Treatment of the serous labyrinthine inflammation is directed toward the etiologic factor. If the cause is an early acute suppurative otitis media, myringotomy and antibacterial therapy will suffice. If the cause is perilabyrinthine osteitis or cholesteatoma, mastoidectomy with removal of diseased bone should be combined with parenteral antibiotics
Suppurative Labyrinthitis has the same etiologic factors and pathways of invasions to serous labrynthitis. An exception to this rule is involvement of the labyrinth secondary to generalized meningitis, in which case, purulent labyrinthitis usually occurs without a prodrome of serous labyrinthitis.
The symptoms of suppurative labyrinthitis are similar to those of serous labyrinthitis, including the lack of fever. However, there are some key differences. The symptoms of suppurative labyrinthitis are more rapid and intense, with gradual improvement over the ensuing days. Also, the onset of severe vestibular symptoms is accompanied by a complete loss of cochleo-vestibular response. Notably, the caloric response is conspicuously absent from the diseased ear. The most important treatment of suppurative labyrinthitis is close and continuous monitoring for symptoms of intracranial extension. Antibiotics should be administered, albeit more to aid in preventing the spread of infection than in the expectation that the drug will enter the infected labyrinth in therapeutic concentrations. If meningeal signs are noted, then a lumbar puncture should be performed immediately. Any evidence of intracranial spread warrants surgical labyrinthectomy.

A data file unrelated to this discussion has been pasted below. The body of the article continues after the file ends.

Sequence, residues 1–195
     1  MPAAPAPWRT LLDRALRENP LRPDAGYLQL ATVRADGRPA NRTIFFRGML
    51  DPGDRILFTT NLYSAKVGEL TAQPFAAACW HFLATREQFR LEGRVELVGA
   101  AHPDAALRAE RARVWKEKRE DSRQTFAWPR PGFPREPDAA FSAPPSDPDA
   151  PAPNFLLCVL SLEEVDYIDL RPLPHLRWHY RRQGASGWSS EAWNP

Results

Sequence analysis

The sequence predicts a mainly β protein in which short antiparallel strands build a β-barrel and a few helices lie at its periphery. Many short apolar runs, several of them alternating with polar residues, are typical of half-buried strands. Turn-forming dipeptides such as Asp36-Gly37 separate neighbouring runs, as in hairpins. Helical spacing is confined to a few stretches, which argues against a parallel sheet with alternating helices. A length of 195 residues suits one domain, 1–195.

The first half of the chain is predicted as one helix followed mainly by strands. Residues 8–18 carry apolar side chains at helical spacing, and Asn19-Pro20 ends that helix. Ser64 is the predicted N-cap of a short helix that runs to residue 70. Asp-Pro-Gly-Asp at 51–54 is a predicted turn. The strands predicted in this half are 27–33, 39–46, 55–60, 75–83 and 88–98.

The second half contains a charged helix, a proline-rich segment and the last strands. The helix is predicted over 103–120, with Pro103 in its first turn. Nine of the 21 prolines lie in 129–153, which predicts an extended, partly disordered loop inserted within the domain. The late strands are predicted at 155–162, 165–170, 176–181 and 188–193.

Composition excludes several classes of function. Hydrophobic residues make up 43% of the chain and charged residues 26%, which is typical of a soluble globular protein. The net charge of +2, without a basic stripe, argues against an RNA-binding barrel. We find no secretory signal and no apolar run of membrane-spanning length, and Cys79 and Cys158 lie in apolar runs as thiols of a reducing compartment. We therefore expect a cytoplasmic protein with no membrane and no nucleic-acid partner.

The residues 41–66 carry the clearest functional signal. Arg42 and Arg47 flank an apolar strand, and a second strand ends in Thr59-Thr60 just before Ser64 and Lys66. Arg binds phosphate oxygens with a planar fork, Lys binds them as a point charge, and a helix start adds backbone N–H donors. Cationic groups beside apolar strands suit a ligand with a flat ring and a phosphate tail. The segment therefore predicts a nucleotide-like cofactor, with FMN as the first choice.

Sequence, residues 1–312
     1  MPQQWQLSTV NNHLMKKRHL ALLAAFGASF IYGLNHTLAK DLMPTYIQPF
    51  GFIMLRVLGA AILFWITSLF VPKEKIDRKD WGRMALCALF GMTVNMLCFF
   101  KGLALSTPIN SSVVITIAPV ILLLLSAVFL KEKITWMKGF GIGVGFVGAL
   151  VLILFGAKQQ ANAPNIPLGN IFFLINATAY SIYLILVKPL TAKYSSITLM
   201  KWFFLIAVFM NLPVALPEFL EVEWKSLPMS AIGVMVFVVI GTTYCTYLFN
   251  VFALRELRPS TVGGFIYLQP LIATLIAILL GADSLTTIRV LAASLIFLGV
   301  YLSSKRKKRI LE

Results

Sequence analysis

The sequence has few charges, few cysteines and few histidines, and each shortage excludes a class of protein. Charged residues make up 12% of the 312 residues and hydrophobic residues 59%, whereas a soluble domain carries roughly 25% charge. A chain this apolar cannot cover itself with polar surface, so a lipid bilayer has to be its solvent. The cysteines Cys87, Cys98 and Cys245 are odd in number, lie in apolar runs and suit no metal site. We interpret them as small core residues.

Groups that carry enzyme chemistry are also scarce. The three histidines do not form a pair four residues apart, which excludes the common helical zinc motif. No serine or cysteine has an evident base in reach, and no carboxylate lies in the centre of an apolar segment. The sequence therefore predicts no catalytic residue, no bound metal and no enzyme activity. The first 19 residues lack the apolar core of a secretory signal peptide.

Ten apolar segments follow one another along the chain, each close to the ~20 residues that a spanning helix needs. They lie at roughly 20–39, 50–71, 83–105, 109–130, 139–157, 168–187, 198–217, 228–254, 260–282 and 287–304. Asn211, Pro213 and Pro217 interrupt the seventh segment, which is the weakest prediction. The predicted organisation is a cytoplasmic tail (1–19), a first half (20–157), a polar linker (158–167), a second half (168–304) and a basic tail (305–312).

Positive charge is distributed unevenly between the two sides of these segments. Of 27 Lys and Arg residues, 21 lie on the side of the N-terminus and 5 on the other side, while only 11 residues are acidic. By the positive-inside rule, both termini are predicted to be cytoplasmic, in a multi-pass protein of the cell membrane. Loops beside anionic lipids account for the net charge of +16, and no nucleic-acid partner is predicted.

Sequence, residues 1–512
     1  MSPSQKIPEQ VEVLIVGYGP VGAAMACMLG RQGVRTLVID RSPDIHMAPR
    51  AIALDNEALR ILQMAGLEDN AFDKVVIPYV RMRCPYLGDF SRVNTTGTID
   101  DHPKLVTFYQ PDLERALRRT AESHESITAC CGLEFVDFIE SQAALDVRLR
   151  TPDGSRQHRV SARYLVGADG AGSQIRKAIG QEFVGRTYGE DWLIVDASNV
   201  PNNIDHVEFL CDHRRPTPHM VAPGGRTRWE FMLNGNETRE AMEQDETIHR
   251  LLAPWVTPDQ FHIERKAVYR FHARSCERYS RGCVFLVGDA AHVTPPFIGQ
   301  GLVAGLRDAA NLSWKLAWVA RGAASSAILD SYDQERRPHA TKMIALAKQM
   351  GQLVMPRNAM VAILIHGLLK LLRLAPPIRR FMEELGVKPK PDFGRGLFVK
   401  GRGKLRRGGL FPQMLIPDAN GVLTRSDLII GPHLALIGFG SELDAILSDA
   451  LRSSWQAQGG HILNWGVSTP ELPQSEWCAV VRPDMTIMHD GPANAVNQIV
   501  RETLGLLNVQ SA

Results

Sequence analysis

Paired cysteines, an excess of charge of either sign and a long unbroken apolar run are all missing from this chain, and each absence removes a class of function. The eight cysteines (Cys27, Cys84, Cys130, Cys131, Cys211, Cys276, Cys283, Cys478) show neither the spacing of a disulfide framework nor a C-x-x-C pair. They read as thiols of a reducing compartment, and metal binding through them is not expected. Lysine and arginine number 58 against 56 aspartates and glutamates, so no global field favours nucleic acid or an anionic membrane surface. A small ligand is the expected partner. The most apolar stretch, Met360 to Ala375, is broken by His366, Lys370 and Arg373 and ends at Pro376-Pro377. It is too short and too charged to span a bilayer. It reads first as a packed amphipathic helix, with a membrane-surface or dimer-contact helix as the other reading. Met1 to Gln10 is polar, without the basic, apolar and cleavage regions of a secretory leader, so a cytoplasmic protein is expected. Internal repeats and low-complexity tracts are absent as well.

Labyrinthine fistula

A fistula of the labyrinth may be surgically produced or may occur as a consequence of suppurative or neoplastic ear disease. The vast majority of cases of fistula, however, occur as a result of bone erosion by cholesteatoma. In fact, the development of a labyrinthine fistula is so characteristic of cholesteatoma that a thorough evaluation should be initiated even in the absence of typical findings such as granulation tissue and drainage.